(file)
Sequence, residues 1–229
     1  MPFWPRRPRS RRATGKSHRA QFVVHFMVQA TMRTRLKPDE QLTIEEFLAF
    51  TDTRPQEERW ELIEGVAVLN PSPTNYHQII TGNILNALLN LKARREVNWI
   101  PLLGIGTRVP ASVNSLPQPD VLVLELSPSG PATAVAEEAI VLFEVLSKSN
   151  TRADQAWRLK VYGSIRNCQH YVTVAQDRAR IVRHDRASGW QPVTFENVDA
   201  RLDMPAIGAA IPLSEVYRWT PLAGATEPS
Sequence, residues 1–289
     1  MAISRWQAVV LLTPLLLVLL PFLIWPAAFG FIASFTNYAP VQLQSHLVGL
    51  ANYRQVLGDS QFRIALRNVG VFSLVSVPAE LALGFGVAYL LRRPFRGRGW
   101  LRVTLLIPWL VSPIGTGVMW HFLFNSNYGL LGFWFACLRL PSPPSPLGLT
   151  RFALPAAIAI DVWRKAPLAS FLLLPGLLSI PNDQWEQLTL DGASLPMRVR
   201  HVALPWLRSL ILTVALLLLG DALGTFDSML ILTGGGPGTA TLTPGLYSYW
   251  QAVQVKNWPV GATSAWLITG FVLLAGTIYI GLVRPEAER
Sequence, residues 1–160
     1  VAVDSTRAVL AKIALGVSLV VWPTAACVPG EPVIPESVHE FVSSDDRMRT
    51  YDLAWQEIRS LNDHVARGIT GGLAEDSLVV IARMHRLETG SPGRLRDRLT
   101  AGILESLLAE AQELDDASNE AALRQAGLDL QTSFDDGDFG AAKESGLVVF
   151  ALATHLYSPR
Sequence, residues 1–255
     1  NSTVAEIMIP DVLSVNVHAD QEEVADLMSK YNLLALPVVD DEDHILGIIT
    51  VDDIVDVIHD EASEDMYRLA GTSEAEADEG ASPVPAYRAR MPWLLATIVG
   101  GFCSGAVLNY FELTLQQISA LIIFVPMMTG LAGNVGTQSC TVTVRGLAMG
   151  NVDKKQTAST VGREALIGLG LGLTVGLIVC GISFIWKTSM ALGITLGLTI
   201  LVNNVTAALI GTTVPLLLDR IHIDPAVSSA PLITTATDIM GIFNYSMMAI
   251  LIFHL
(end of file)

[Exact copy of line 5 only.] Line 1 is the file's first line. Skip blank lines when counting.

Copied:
   151  TRADQAWRLK VYGSIRNCQH YVTVAQDRAR IVRHDRASGW QPVTFENVDA